In this section:
- Financial planning sector
- Australian economy
- National security and international consequences
The consequences of ML/TF activity in the sector are assessed as minor. Consequence refers to the potential impact or harm that ML/TF and other financial crimes may cause. Financial crime in the financial planning sector has consequences for customers, individual financial planners, financial institutions, and the broader Australian economy.
There are financial and indirect consequences for customers in this sector. These could include:
- financial losses from accounts
- emotional distress
- loss of private information and identity theft.
The severity of the consequences caused by ML/TF will differ for financial planners and institutions depending on the extent to which they understand and assess ML/TF risks, identify and submit SMRs, and have effective controls and strategies in place to combat the various criminal threats outlined in this assessment.
Consequences for financial planners could include:
- crime-related financial losses and subsequent erosion of financial performance (particularly for independent or unaligned financial planners who may have limited capacity to spread risk and/or absorb losses)
- increased costs associated with combating criminal attacks, in particular IT security costs to build cyber resilience
- increased fraud insurance premiums
- increased administrative costs in reviewing accounts upon the discovery of a fraudulent/criminal activity
- reputational damage to a financial planner or institution following an incident, resulting in loss of customers and/or damage to the brand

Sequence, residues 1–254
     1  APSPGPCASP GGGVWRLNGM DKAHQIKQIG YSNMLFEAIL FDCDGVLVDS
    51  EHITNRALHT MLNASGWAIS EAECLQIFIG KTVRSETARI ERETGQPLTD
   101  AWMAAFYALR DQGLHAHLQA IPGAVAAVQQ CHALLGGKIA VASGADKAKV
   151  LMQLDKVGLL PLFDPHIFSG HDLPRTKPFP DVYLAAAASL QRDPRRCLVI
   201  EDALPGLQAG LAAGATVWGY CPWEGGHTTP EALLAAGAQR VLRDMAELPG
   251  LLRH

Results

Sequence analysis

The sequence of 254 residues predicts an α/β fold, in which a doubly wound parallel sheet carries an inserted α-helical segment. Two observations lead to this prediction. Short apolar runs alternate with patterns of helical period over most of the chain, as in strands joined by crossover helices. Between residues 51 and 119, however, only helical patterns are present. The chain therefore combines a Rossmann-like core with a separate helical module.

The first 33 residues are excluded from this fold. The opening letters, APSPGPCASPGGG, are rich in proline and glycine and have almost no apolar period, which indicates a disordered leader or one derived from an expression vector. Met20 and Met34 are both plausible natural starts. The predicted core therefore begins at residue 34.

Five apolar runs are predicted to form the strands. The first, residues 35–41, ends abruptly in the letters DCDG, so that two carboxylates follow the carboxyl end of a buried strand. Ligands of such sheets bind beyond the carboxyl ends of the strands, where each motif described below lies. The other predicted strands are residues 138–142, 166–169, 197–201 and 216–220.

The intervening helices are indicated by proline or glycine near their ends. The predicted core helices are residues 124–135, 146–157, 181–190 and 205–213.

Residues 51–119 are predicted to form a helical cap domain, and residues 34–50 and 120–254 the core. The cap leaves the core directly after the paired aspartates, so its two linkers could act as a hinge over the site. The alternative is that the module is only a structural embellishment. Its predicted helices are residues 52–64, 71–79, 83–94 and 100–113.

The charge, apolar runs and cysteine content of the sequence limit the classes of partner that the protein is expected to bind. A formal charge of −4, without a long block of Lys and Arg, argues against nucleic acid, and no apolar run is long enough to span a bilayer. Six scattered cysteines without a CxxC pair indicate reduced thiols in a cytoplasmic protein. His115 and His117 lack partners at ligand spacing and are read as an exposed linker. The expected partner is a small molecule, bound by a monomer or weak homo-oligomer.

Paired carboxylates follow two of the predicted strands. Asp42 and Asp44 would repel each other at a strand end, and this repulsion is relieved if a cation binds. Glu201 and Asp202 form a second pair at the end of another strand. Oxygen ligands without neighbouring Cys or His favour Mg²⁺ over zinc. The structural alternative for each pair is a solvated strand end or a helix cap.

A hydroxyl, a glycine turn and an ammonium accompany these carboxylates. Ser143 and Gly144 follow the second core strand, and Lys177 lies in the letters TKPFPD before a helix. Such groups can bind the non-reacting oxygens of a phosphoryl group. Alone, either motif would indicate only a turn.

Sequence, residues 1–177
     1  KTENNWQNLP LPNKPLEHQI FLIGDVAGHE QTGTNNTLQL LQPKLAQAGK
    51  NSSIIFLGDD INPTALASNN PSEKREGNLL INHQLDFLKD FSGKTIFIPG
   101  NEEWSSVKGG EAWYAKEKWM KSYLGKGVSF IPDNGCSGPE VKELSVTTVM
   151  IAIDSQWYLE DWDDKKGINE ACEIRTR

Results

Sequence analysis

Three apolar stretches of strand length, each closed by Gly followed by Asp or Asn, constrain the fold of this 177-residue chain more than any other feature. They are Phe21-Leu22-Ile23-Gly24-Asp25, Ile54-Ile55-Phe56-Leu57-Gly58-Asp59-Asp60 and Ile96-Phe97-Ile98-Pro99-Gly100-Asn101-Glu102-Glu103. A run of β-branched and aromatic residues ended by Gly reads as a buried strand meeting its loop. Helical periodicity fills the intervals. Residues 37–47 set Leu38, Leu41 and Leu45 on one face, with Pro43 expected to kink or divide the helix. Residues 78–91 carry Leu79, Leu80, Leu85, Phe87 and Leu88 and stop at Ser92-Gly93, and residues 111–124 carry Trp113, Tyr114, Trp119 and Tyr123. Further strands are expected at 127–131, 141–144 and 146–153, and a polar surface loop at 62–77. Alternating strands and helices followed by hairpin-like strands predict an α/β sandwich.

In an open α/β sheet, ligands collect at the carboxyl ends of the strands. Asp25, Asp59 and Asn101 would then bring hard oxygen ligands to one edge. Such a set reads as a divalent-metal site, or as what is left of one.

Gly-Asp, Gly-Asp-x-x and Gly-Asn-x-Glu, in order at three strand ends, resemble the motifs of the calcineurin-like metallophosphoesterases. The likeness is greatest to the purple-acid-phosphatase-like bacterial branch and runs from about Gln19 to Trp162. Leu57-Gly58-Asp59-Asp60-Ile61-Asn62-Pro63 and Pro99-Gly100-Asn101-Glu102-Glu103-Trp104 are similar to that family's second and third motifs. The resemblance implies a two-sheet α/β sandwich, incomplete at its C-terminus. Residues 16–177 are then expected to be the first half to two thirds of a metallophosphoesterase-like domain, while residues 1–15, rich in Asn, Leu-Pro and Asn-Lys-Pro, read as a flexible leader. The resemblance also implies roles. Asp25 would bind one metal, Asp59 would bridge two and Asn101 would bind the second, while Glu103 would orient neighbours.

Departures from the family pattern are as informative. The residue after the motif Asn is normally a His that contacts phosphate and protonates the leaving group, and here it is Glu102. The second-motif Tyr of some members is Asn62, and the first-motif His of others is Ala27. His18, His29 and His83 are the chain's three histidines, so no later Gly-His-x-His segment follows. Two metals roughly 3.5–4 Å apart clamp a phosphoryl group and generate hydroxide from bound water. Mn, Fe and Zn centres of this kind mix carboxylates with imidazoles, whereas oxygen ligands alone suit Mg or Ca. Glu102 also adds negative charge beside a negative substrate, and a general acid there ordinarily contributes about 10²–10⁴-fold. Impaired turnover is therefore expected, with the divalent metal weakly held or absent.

- for planners who do not report suspicious matters, the possibility of implication in facilitating criminal activities
- for planners who commit offences, potential personal liability either from civil action by aggrieved victims or criminal prosecution by law enforcement authorities.
Consequences for the financial planning sector as a whole include:
- loss of confidence in the financial planning sector by both customers and by product issuers/other financial institutions that accept customer referrals from financial planners
- public relations costs associated with regaining community trust
- increased regulatory action
- increased risk of legal action and compensation for customer losses arising from failed AML/CTF controls.
Financial crimes in the financial planning sector have the potential to impact the broader Australian economy, including:
- undetected criminal activity, thereby providing a safe haven for the proceeds of crime, particularly for funds originating offshore
- loss of savings or investments from stolen funds
- weakened AML/CTF compliance for product issuers that rely on customer due diligence carried out by financial planners
- reduced government revenue from welfare fraud and tax evasion
- damage to Australia’s international economic reputation in relation to the security and safety of investing in Australian financial products and other assets.
The national security and international consequences of TF in the financial planning sector is assessed as minor, given the relatively low level of TF activity currently observed. However, financial planners must remain vigilant to this threat, as undetected TF activity could have significant consequences.